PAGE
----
Take the bus or car pool
Reduce traffic congestion, pollution and save money by sharing a ride once or twice a week. The average driver spends about 44 cents per mile including ownership and maintenance. With transportation accounting for more than 30 percent of U.S. carbon dioxide emissions, one of the best ways to reduce them is by riding a bus. Public transit saves an estimated 1.4 billion gallons of gas annually, which translates into about 14 million tons of CO2, according to the American Public Transportation Association. METRO Transit helps protect our natural resources by providing an alternative to the automobile for over three million people every year. Single trips cost a mere $1.25. Residents can ride METRO Transit busses free on Clean Air Alert Days. Call 235-RIDE (7433) to have a personalized itinerary created. More info on http://www.gometro.org
Cars are the largest source of air pollution and a major source of water pollution. Consider driving less, particularly on Clean Air Alert Days.
Combine errands into one trip
By combining errands into one trip you can reduce traffic congestion and air pollution. When you start a car after it has been sitting for more than an hour, it pollutes up to five times more than when the engine is warm.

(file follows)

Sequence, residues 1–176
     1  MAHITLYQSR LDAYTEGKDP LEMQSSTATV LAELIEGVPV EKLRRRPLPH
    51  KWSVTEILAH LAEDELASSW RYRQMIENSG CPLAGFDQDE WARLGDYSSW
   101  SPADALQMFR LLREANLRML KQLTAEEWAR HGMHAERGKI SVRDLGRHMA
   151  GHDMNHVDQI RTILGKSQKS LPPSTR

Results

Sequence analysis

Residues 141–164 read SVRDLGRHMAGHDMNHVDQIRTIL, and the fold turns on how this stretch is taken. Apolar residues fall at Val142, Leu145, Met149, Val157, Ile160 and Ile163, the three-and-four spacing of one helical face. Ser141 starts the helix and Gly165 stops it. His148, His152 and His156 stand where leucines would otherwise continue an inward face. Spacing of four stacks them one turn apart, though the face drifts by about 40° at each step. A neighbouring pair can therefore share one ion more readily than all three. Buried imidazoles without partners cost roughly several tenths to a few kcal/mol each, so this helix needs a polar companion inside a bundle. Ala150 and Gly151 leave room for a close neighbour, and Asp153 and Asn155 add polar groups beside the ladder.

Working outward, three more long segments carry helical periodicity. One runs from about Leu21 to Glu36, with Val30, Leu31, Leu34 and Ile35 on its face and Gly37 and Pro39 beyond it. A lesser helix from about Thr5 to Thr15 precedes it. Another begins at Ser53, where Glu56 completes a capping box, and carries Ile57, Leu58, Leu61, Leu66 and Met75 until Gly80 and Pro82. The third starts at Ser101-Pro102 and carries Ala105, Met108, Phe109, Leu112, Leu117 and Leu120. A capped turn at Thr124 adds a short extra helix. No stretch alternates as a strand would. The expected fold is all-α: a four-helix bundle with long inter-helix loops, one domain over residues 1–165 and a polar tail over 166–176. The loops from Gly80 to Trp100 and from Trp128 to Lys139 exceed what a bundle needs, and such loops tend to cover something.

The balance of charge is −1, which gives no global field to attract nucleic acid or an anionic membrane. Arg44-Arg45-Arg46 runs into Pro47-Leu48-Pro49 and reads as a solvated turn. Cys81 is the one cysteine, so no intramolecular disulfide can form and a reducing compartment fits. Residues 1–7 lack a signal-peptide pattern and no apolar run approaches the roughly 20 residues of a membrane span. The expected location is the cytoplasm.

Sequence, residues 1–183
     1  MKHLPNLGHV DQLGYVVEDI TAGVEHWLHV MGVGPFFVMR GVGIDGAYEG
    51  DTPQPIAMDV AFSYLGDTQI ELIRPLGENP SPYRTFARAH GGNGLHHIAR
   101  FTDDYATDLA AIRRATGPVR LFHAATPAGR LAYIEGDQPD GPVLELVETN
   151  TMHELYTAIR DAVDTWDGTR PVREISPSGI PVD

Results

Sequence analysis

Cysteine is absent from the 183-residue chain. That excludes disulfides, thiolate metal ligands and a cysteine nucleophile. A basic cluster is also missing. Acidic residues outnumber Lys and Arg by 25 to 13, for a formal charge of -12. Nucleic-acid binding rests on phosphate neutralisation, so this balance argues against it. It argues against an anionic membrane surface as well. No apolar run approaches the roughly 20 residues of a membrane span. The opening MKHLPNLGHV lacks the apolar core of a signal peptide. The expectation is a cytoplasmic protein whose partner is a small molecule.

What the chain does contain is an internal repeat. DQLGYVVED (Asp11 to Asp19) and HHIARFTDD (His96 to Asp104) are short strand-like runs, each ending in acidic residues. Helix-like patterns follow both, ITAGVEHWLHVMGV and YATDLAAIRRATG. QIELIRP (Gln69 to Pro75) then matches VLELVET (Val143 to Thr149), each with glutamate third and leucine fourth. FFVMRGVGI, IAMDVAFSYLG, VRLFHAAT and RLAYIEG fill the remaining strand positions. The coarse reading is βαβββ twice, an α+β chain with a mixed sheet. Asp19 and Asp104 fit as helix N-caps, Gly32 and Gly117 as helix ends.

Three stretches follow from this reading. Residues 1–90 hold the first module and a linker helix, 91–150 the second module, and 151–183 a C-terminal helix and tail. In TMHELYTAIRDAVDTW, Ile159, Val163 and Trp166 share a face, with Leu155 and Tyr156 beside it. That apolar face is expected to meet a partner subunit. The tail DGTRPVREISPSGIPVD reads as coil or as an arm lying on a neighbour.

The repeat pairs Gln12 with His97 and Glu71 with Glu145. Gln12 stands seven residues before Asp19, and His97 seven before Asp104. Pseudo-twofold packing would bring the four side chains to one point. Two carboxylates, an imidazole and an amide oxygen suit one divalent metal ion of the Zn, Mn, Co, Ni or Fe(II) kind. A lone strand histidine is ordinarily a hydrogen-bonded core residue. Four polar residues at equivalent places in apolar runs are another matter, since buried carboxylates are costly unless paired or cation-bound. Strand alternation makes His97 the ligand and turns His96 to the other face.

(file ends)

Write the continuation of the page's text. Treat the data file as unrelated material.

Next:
Ride your bike or walk
Oklahoma City is constructing a 208-mile network of cycling and walking trails that span the city limits. Check out the Oklahoma River Trails along the Oklahoma River, South Grand Boulevard Trails (perfect for commuting) or the 5.3-mile trail that links Lake Overholser and Lake Hefner.
Maintain your vehicle
Reduce emissions and increase your gas mileage by performing regular maintenance on your vehicle. Tune-ups, changing the oil and checking tire inflation pay off, not only with cleaner air but also with added green in your wallet.
Fuel up in cool weather
Oklahoma summers are hot. Prevent gas fumes from heating up and creating ozone by refueling at night or in the early morning during the summer.
Avoid topping off the tank
Filling the gas tank to the top releases gas fumes into the air and cancels the benefits of the pump’s antipollution devices.
Mowing your lawn
Unless you have an electric mower, avoid lawn mowing on clean air alert days. Some gasoline-powered lawn mowers that run for one hour emit as much pollution as a car driven from Oklahoma City to Albuquerque, New Mexico!
Use a propane or electric grill
Propane and electric grills are better for the environment than charcoal grills. Maintain your propane tanks according to specifications. When you grill, use an electric or a chimney briquette starter to start your charcoal.
*Source: Oklahoma Department of Environmental Quality and ACOG